No solutions in border story

 

Normally, I find your articles balanced and productive, often with suggestions for solutions and remedies. This one was simply a Border Patrol-bashing article (“Border Out of Control,” HCN, 6/9/14).

The problems for the desert, its environment and the wildlife certainly were well documented, which is a good thing. But Ray Ring offers absolutely no solutions other than implying we should just tear down the fences, pull out the Border Patrol and leave the border completely open. 

In our current national situation, an open border is impossible. Illegal immigration cannot be allowed, drug smuggling is a huge problem and national security issues have to be addressed. The people improperly entering our country do not stay on “administrative” roads. They are potentially heavily armed, and when Ring speaks of multiple patrol vehicles responding to a single vehicle “when one or two would have sufficed,” he has obviously never been in law enforcement and experienced the dangers involved. Safety is in numbers, always. Maybe he should ride with the agents and feel the gut-induced fear from approaching a large number of unknown suspects — rather than ride in a comfortable helicopter, making judgments.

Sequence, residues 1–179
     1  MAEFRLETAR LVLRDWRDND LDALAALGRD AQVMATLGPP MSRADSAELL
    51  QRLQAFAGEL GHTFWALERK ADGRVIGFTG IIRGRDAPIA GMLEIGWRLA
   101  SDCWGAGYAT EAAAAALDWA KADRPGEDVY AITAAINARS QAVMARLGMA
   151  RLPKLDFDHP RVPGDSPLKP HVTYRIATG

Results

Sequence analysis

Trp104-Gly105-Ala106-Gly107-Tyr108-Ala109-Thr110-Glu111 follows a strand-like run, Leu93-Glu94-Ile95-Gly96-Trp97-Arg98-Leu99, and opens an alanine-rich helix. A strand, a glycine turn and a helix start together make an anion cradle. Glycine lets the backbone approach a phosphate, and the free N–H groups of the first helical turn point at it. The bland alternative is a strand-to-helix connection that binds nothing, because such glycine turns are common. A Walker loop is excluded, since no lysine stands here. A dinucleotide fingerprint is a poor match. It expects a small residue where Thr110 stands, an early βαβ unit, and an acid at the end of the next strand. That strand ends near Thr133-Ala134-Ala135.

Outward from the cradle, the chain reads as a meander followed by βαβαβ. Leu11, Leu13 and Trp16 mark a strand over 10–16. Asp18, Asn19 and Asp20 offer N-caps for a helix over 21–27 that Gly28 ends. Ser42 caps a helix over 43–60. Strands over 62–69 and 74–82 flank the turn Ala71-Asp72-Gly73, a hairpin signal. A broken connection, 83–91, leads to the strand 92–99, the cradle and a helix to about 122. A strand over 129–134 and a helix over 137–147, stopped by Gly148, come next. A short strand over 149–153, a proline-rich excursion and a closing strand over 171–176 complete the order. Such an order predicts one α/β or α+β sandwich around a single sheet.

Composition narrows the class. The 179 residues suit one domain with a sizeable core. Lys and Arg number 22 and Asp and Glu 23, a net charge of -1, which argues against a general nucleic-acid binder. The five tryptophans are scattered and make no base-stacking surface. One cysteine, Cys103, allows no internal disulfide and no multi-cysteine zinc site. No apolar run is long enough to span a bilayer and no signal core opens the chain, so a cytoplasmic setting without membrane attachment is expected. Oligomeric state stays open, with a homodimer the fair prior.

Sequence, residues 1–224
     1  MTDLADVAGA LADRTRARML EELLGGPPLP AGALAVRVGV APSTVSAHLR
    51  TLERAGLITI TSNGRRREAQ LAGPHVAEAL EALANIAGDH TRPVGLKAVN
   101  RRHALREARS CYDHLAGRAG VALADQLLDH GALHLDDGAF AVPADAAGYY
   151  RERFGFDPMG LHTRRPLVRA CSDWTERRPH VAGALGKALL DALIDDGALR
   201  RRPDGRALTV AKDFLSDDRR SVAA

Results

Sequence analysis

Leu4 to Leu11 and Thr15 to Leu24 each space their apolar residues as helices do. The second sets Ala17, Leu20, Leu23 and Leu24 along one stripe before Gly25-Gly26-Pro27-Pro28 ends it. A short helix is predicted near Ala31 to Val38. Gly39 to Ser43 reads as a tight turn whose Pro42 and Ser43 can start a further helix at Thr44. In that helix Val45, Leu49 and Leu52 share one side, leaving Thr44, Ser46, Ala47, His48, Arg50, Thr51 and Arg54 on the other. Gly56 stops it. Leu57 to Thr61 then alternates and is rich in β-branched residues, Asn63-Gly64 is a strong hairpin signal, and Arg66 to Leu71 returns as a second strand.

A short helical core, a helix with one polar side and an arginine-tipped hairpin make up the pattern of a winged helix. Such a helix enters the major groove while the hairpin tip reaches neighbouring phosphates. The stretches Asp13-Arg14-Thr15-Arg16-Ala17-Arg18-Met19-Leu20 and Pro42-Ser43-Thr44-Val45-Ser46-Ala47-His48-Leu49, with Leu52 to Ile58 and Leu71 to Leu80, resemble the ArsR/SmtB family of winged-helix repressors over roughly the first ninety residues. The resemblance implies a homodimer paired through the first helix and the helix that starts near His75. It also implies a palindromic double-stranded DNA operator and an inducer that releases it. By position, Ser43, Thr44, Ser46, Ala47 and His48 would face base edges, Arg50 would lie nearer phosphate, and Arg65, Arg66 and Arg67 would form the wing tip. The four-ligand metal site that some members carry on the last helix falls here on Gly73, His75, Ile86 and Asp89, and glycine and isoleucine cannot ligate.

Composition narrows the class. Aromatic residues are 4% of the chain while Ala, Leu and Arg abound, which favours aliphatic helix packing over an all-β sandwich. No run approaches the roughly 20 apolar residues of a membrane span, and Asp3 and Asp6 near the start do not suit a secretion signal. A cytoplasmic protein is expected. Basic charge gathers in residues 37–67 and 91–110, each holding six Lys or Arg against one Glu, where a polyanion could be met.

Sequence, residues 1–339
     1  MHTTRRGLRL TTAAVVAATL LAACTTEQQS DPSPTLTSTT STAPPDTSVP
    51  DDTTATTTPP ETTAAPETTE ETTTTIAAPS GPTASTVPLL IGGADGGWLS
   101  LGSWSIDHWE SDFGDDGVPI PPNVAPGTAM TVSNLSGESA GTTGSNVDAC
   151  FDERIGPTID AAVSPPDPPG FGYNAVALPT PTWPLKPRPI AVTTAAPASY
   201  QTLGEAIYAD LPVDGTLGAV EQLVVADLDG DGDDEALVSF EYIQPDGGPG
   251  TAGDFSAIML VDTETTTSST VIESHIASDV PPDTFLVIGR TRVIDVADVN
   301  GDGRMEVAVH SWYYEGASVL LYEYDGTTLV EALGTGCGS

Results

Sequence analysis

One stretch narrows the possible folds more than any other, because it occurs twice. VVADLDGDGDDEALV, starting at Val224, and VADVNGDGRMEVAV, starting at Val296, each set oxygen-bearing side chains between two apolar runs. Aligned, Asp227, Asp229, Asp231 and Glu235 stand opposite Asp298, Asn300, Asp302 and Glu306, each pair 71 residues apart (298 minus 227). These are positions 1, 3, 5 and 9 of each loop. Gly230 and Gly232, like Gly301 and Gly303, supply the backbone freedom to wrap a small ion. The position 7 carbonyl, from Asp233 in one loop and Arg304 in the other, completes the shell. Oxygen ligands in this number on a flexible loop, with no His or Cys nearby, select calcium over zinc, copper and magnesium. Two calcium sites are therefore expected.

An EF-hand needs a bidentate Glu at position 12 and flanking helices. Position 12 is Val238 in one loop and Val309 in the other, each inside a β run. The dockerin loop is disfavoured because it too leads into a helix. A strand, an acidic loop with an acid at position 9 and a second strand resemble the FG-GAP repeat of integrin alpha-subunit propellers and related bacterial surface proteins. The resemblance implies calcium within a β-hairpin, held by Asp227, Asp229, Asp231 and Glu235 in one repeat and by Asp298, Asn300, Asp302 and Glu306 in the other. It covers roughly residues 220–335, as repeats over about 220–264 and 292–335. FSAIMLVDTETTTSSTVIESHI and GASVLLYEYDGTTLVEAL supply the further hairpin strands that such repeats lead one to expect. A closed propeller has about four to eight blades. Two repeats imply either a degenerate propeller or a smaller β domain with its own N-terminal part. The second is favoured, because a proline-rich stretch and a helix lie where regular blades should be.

Robert Braley
Bakersfield, California

Ray Ring replies:
Thank you for your careful reading of my story. Since the rate of illegal immigration and smuggling doesn’t seem to be closely related to the amount of Border Patrol activity, the story raised a fundamental question: Is the amount of patrolling worth it? As for solutions, several are offered in the story, including improving economic policies to benefit Mexico and Central America and reforming U.S. drug policies. If Border Patrol activities were concentrated within a mile of the border, the agency would be more effective, and the backcountry much better off.

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